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IHV Fact Sheet

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The Institute of Human Virology, founded in 1996, is the first research institute in the United States structured to integrate in a single-center, basic population and clinical research coordinated to advance discovery from bench to bedside. The goals of the Institute are to develop new treatments, cures, and ultimately, to prevent the onset of chronic viral diseases.

The Institute's research currently centers on AIDS, but also includes a number of chronic viral illnesses and cancer research. An underlying research emphasis is to utilize the natural chemistry of the body to develop biological approaches to therapy and treatment that may be less toxic than drugs currently available for treatment. Because of IHV's unique multi-disciplinary approach, scientists have been able to fast-track research from concept to clinical trial in less than 18 months.

Since 1996: 

  • IHV staff has grown from 50 to more than 300 and the Institute's patient base has grown from just 200 patients to approximately 5,000 in Baltimore and 750,000 in Africa and Caribbean nations.
  • The IHV's total budget has increased from several million dollars in 1996 to more than $100 million today. There has been a corresponding increase in sponsored research, from $2 million to more than $80 million. The Institute has been awarded 21 patents -- for the development and use of transgenic rats, finding small proteins that kill tumor cells, chemokines that inhibit HIV infection, bacterial delivery systems for DNA vaccines and the development of new immune "boosters" to augment vaccines.
  • The IHV has positioned itself as one of the world's premier research and development operations. Its scientists have identified new anti-HIV suppressive factors and have pioneered a novel oral vaccine delivery system that uses attenuated Salmonella bacteria to efficiently deliver vaccine encompassing a greater number of viral genes to stimulate a vaccine response. Basic vaccinologists also have engineered a vaccine construct that generates the broadest HIV-neutralizing antibody responses achieved to date. These technologies offer the potential for a single vaccine that may be effective against a broad range of HIV strains.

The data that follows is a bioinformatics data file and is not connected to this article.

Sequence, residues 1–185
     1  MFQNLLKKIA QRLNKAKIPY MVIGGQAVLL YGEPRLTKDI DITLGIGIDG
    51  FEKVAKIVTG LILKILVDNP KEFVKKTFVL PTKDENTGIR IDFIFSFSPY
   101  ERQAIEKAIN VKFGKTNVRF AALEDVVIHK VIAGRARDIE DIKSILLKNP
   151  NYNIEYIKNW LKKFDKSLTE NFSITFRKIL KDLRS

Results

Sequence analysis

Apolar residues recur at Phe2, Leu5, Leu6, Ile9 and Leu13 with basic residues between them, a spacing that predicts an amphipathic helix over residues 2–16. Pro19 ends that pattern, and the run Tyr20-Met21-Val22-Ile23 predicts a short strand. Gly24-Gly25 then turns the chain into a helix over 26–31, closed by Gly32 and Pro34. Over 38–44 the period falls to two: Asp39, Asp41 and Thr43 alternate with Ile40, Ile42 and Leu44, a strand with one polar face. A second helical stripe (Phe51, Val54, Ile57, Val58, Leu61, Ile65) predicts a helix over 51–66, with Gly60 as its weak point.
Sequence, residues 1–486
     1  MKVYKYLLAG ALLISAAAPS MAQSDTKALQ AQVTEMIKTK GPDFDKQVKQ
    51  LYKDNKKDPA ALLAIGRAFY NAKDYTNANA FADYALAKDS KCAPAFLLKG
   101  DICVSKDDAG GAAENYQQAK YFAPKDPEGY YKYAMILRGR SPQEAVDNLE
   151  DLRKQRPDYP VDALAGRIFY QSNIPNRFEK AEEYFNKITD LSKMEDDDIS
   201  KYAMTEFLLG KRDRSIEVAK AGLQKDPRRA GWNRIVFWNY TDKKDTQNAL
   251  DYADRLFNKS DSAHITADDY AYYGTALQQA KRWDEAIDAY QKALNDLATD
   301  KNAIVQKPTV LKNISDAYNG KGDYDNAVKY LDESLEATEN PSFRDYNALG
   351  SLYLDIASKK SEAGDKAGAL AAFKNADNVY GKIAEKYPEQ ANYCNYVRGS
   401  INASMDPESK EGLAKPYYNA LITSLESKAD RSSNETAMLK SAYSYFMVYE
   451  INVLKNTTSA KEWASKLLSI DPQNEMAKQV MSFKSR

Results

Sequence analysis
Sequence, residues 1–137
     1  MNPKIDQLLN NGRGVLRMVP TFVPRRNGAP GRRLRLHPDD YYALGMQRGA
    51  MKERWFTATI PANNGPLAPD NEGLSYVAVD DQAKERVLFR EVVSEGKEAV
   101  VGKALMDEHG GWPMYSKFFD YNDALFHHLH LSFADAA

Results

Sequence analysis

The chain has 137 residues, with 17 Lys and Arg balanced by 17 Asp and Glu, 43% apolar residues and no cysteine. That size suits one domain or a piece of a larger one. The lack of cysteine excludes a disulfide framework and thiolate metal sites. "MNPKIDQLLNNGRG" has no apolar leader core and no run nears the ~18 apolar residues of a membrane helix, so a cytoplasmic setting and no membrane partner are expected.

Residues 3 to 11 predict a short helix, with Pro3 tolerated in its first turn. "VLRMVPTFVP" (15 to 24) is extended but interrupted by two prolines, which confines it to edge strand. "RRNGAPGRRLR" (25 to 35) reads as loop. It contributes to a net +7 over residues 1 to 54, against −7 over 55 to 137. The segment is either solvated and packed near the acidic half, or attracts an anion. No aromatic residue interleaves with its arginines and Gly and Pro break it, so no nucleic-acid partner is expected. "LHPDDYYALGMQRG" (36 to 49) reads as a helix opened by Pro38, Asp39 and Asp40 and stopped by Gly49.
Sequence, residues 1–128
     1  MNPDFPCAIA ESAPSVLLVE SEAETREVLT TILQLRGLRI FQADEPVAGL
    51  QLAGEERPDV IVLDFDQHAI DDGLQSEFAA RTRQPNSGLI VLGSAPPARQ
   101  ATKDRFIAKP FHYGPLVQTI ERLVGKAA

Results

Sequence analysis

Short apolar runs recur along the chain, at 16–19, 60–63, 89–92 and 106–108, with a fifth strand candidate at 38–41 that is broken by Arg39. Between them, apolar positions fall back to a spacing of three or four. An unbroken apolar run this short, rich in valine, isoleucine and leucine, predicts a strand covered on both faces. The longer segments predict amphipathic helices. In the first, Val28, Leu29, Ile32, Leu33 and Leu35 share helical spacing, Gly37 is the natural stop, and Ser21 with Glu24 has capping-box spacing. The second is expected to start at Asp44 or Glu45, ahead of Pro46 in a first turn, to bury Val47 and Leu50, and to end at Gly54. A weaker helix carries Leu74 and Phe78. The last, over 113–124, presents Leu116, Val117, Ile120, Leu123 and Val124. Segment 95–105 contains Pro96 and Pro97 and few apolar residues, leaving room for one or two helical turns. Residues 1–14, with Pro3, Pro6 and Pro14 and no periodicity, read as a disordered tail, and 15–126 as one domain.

• The Institute also has successfully created the first transgenic rat whose DNA incorporates genes of HIV-1, the virus that causes AIDS. This patented creation allows scientists a new way to study mechanisms of the development of AIDS.
  • IHV's Clinical Research Program undertakes a broad range of treatment research including a substantial portfolio of sponsored research. This is an indication of the confidence that major pharmaceutical and biotech companies (e.g. Merck, Schering, Aventis, Human Genome Sciences) have in the Institute.
  • Among the 5,000 patients currently receiving care through the IHV's local Clinical Care Program, 500-700 are uninsured and underinsured, thus serving those at greatest risk and in greatest need. When the Institute was founded, fewer than 800 patients received HIV care and there was a gap in access for underserved minorities that has been filled through extensive community outreach and education efforts of the Institute. 
  • The Institute also hosts an annual international AIDS conference that is consistently highly rated because of its strong basic science emphasis. The meeting draws hundreds of top scientists from around the world and provides a unique forum for scientific exchange. IHV-sponsored conferences have generated more than $5 million in added revenue for the local economy since 1996.